William De Vijlder

Group Chief Economist BNP Paribas

US inflation: increasing discomfort

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Loading 2021

A global macro economic analysis after 18 months of pandemic

A conjunction of developments has led in the first semester of the 2021 to a global improvement in business and consumer sentiment in advanced economies. Vaccination campaigns gathered speed while the number of new infections declined. Monetary policy support also played a part as well as fiscal policy. International trade and capital flows created international spillover effects which led to a sizeable improvement in the assessment of export orders.

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US Treasuries: buyer beware

The significant decline of Treasury yields from their peak at the end of March is puzzling given the growth forecasts and the recent inflation data. This suggests that investors side with the Fed in thinking that inflation will decline. It also reflects the weakening of data in recent weeks, which implies that markets focus more on the change in the growth rate than on its level. The sensitivity of bond yields to economic data moves in cycles. One should expect that, as seen in the past, a less accommodative US monetary policy would increase this sensitivity because these data will shape expectations of more tightening or not. Before reaching that stage, we should already expect an increased sensitivity in the course of 2022, because it is quite likely that inflation will remain above the FOMC’s target.

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Looking beyond peak growth

The first half of the year has seen a broad-based improvement in business and consumer sentiment in advanced economies but elevated levels of business surveys reduce the likelihood of further significant increases. The third quarter is expected to see the peak in quarter-over-quarter GDP growth this year. Nevertheless, over the remainder of the forecast horizon –which runs until the end of next year- quarterly growth is expected to stay above potential. This favourable outlook for the real economy brings challenges for financial markets. Surprising to the upside in terms of earnings will become more difficult. Moreover, there is the question of the inflation outlook. For the time being, both the Federal Reserve and markets are relaxed about it but we should expect that over the coming months, the market sensitivity to growth and inflation data will be higher than normal in view of what they would imply for the Fed’s policy stance.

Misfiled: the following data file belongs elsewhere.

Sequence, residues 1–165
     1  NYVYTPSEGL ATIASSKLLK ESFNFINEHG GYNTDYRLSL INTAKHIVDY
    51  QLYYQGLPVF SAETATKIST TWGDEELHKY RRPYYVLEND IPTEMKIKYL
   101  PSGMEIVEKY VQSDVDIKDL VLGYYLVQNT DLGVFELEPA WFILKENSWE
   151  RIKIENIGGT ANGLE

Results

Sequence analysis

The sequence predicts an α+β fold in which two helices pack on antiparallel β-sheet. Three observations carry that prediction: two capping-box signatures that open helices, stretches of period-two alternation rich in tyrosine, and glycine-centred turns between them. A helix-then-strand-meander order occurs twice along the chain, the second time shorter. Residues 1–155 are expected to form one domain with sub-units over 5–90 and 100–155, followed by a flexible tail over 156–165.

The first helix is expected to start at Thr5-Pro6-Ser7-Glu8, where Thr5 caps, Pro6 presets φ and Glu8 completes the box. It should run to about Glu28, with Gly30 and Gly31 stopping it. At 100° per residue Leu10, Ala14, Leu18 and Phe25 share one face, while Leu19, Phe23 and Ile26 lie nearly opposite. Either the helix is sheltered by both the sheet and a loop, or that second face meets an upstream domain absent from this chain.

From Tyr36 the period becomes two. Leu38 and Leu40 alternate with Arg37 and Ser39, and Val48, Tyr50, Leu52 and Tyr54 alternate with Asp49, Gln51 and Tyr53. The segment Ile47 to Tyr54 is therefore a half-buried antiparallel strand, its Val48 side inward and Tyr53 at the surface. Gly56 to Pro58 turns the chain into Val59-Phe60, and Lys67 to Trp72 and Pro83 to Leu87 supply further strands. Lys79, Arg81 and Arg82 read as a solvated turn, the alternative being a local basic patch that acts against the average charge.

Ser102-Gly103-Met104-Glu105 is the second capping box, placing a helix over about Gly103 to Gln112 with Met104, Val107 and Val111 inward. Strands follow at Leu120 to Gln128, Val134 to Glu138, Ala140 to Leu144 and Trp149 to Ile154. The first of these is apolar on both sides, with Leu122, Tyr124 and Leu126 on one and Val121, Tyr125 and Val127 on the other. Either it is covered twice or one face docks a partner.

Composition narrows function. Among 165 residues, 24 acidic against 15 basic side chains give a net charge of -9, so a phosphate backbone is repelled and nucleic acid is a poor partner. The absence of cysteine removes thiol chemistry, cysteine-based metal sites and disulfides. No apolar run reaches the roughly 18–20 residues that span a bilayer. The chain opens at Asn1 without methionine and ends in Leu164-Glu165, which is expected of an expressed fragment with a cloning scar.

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Economic Growth

Eurozone: unemployment, consumer confidence and household spending

The labour market should play a crucial role in the recovery through its impact on household income and spending. There are reasons to be hopeful considering that recent business surveys show a further increase in hiring intentions whereas unemployment expectations of households have dropped below their pre-pandemic level. Household intentions to make major purchases over the next 12 months have already increased and this trend should continue on the back of an improved financial situation and reduced income uncertainty.

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ITW Bloomberg 28 June 2021

Delta variant and economic growth

William de Vijlder, BNP Paribas Chief Economis is interviewed by Anna Edwards and Mark Cudmore on “Bloomberg Markets: European Open” and discusses the delta variant issue and the outlook for economic growth.

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The (unwarranted) stagflation narrative of 2021

Strong US and Eurozone GDP growth in the second and third quarters should be followed by a gradual slowdown. Due to the ‘acquis de croissance’ going into the fourth quarter, the perceived slowdown versus the third quarter could be much bigger than what shows up in the current forecasts. In the US, the current elevated inflation will take time to decline. In conjunction with slowing growth, this could boost the stagflation narrative. Such a depiction of the economic environment seems unwarranted however, considering that inflation should decline further in the first half of next year and that the US economy should continue to grow above potential.  

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EcoTVWeek du 25/06

Is there a risk of stagflation? 

The 1970s have gone down in history as an era of stagflation, defined as a period of slow or even negative output growth and inflation that is high by historical standards. Two supply shocks in the oil market are considered as a key cause but other factors also played a role. In the course of this year, the lifting of restrictions related to Covid-19 has caused an imbalance between supply and demand, leading to a significant pickup in inflation. There is concern that growth, after being particularly strong, will slow, whereas inflation might stay elevated for longer. This has given rise to comments that stagflation, albeit in a lighter version, could make a comeback. However, this risk seems limited.